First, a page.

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Dear Most Esteemed and Knowledgeable Kitties:

We have a domestic short haired cat, Hughie, we got from the local shelter when he was about 4 months old. He is now 20 months old and he has the most wonderful disposition and is friendly and affectionate. He eats the very best dry food we can find, and occasionally we feed wet food as a treat. He is healthy, energetic and alert. The problem is he gets into EVERYTHING! We had to get rid of all the house plants shortly after we brought him home. We tried pebbles in the soil, foil around the pots, sprayed the plants with awful smelling stuff we got at the pet store…to no avail. So we got rid of the plants. He always gets on counter tops in the kitchen, knocks things off onto the floor, gets on the buffet, breaks glasses, jumps on the dining room table, jumps onto the television set, gets caught in cables, climbs all over the computer printer and pounds on the buttons until he sets it off, etc. When I set the dining room table for dinner, I cover it with another table cloth in case he jumps onto it and when company comes I have to sequester him because he will jump onto the table. He is not interested in the food, just nosy and wants to sniff around. Using a water bottle doesn’t work since he seems to be immune to it. I once put cayenne pepper on the kitchen counter to keep him off, then worried all day that he may have been irritated by it and doubled back home to wipe it off the counter…all to find him perched in the middle of it, wagging his tail. We think our biggest regret is having to get rid of all the house plants, we miss them. And for the last two years we have given up all hope of having a Christmas tree, Christmas decorations, etc. He has his own little “condo” he can sleep in and climb all over, a variety of play toys, balls, etc. He prefers rubber bands, twist ties and balled up pieces of paper. We don’t mind him on the couch, or the bed, the window sills, as a matter of fact I wouldn’t mind him on anything if he wasn’t so clumsy and destructive. Any advice?


Siouxsie: Carole, this is one of the most common behavior issues people have to deal with. We cats love to get on counters and tables, eat plants, and do all sorts of things that people don’t particularly like us to do.

Thomas: A lot of the time, we do our explorations of these areas because we’re bored and want some new experiences. Also, we love to be up high, so tall cabinets and the like are really fun places for us to hang out.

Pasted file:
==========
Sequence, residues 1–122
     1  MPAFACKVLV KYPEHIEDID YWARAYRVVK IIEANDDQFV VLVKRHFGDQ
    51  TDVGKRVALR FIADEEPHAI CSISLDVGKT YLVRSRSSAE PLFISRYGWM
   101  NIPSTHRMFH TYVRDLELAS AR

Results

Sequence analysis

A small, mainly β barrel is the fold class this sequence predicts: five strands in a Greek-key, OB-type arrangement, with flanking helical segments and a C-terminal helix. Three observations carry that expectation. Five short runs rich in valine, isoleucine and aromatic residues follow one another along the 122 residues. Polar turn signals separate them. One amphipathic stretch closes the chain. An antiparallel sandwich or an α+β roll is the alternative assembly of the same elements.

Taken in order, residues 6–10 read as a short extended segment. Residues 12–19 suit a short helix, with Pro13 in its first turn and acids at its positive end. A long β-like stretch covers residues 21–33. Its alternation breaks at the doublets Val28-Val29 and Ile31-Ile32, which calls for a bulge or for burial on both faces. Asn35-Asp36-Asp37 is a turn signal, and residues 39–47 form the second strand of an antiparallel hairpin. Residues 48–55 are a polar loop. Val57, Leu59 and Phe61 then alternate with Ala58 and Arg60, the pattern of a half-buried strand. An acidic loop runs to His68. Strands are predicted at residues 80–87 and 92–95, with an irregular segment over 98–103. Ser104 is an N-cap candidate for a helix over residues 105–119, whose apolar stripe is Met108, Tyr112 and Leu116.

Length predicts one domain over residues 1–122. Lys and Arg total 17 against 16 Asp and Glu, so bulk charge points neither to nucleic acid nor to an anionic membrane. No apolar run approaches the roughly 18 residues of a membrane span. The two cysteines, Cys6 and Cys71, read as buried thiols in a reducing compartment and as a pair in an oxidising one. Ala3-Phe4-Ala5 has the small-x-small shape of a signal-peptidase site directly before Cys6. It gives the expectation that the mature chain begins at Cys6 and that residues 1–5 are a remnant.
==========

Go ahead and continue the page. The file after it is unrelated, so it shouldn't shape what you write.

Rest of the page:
Dahlia: But rest assured, Carole, there are some things you can do to teach Hughie to avoid your counters, cabinets, table and plants.

Siouxsie: The best training method is what feline behaviorist Pam Johnston-Bennett refers to as “remote control.” By using the remote control technique, you can ensure that Hughie will get negative reinforcement for his counter exploration behavior even when you’re not home.

Thomas: The easiest method of “remote control” training involves place mats and double-sided tape. Buy a bunch of plastic place mats–enough to cover the surfaces you don’t want Hughie to explore–and cover one side of the place mats with double-sided tape. You can also use a product called Sticky Paws. Sticky Paws is essentially double-sided tape, but it comes in a variety of sizes that can help you combat lots of behavior issues.

Dahlia: They even make Sticky Paws for Plants, which you can put in your plant pots to keep Hughie from wanting to get into those!

Siouxsie: Simply put the tape or Sticky Paws on the place mats and cover the no-go areas with those place mats when you’re not home. When you need to use the counter or the table, remove the place mats, then replace them as soon as you’re done using those areas.

Thomas: The tape trick will make the counters very unpleasant for Hughie. No cat likes to get their paws stuck in things, and he’ll soon discover that counters and tables are not that much fun after all.

Dahlia: Another remote control trick is to put coins into soda cans and tape the top of those cans. Place the cans on shelves or other places you don’t want Hughie to explore. When Hughie gets into the buffet or the cabinet, instead of knocking down your glassware he’ll knock the soda cans off, which will result in a loud rattling sound and startle him.

Siouxsie: When you’re working on the counter, make sure you have your spray bottle handy. If Hughie jumps onto the counter or the table, squirt him with the water bottle. Make sure the sprayer is set on “mist” and try to be as sneaky as possible about using the bottle so that he can’t determine that you’re the source of the spray.

Thomas: You can also combine these training methods with what we call the “No, and Down” technique. When Hughie gets on the counter or the table, tell him “No!” in a very firm voice (don’t yell, just use a firm voice) and then put him down on the floor.